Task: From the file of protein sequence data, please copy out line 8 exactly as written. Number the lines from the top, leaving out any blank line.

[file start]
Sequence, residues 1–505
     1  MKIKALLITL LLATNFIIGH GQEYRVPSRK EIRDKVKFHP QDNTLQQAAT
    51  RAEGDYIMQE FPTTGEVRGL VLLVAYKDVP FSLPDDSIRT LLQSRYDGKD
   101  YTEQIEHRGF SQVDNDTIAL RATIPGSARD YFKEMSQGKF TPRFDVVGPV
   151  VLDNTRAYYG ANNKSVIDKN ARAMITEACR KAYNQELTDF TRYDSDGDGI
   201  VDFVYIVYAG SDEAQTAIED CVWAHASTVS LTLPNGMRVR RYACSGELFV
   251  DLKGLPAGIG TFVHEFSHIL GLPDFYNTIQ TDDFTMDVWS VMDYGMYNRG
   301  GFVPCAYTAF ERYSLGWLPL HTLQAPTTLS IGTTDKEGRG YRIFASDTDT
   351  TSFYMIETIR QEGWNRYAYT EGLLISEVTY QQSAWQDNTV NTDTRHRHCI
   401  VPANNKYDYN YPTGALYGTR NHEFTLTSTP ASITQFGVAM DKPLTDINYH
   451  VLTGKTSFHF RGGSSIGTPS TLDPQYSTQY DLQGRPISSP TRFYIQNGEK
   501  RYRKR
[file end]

   301  GFVPCAYTAF ERYSLGWLPL HTLQAPTTLS IGTTDKEGRG YRIFASDTDT